United States Presidential Election in the District of Columbia, 2008
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United States Presidential Election in the District of Columbia, 2008
United States presidential election in District of Columbia, 2008

2004 November 4, 2008 2012 ->
  Obama portrait crop.jpg John McCain official portrait with alternative background.jpg
Nominee Barack Obama John McCain
Party Democratic Republican
Home state Illinois Arizona
Running mate Joe Biden Sarah Palin
Electoral vote 3 0
Popular vote 245,800 17,367
Percentage 92.5% 6.5%

District of Columbia presidential election results by ward, 2012.svg
Ward Results

President before election

George W. Bush

Elected President

Barack Obama

The 2008 United States presidential election took place on November 4, 2008, and was part of the 2008 United States presidential election. In D.C., voters chose 3 representatives, or electors to the Electoral College, who voted for president and vice president.

The District of Columbia went to Democrat Barack Obama by a margin of 210,403 votes out of 225,224 votes cast, about 92 percentage points of the total vote.[1] Obama's margin was wider than John Kerry's in 2004, when Kerry won the District of Columbia by a margin of about 80 percentage points.[2] D.C. has voted for the Democratic candidate in every presidential election by large margins since 1964.



United States presidential election in the District of Columbia, 2008[3]
Party Candidate Running mate Votes Percentage Electoral votes
Democratic Barack Obama Joe Biden 245,800 92.46% 3
Republican John McCain Sarah Palin 17,367 6.53% 0
Independent Ralph Nader Matt Gonzalez 958 0.36% 0
Green Cynthia McKinney Rosa Clemente 590 0.22% 0
N/A Write-ins N/A 1,138 0.43% 0
Totals 265,853 100.00% 3
Voter turnout 53.51% --

Bob Barr was certified as a write-in in the District of Columbia, but votes for him weren't counted. Litigation is ongoing to have the votes counted. [4]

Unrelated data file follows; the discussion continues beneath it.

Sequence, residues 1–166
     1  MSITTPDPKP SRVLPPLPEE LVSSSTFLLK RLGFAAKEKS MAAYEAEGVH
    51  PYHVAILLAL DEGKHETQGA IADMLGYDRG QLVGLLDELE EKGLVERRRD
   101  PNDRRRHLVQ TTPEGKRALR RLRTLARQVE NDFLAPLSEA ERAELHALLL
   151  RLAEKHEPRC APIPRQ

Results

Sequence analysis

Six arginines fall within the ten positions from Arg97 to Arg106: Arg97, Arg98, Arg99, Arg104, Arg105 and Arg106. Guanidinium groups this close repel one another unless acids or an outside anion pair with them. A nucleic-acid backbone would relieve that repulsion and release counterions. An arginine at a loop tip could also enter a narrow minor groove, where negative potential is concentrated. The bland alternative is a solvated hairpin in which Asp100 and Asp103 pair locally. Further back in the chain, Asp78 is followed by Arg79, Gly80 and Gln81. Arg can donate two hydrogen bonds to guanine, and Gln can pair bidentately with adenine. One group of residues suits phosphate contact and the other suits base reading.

Results Breakdown

Each candidate's best result is shown in bold.

Ward Barack Obama John McCain Ralph Nader Cynthia McKinney
Ward 1 93.39% 28,977 5.15% 1,599 0.52% 161 0.42% 131
Ward 2 85.88% 24,865 12.50% 3,619 0.62% 180 0.20% 57
Ward 3 82.79% 30,491 15.58% 5,737 0.62% 229 0.22% 81
Ward 4 95.40% 34,720 3.83% 1,395 0.26% 96 0.24% 88
Ward 5 96.74% 33,259 2.58% 887 0.22% 76 0.23% 79
Ward 6 88.64% 31,031 10.05% 3,518 0.45% 156 0.23% 82
Ward 7 98.72% 33,663 0.91% 312 0.11% 39 0.14% 48
Ward 8 99.02% 27,394 0.76% 210 0.07% 20 0.08%


Technically the voters of D.C. cast their ballots for electors: representatives to the Electoral College. D.C. is allocated 3 electors. All candidates who appear on the ballot or qualify to receive write-in votes must submit a list of 3 electors, who pledge to vote for their candidate and his or her running mate. Whoever wins the majority of votes in the state is awarded all 3 electoral votes. Their chosen electors then vote for president and vice president. Although electors are pledged to their candidate and running mate, they are not obligated to vote for them.[5] An elector who votes for someone other than his or her candidate is known as a faithless elector.

The electors of each state and the District of Columbia met on December 15, 2008, to cast their votes for president and vice president. The Electoral College itself never meets as one body. Instead the electors from each state and the District of Columbia met in their respective capitols.

The following were the members of the Electoral College from the state. All 3 were pledged to Barack Obama and Joe Biden:[6]


  1. ^ "CNN Election Center 2008 - District of Columbia Results". Retrieved . 
  2. ^ "Electoral-vote.com". Retrieved . 
  3. ^ "District of Columbia Board of Elections and Ethics". DC Board of Elections and Ethics. Retrieved . 
  4. ^ "D.C. Board of Elections: Write-ins too much bother to count". Ballot Access News. Retrieved . 
  5. ^ "Electoral College". California Secretary of State. Archived from the original on October 30, 2008. Retrieved . 
  6. ^ District of Columbia Certificate of Ascertainment, page 1 of 2.. National Archives and Record Administration.

See also

  This article uses material from the Wikipedia page available here. It is released under the Creative Commons Attribution-Share-Alike License 3.0.



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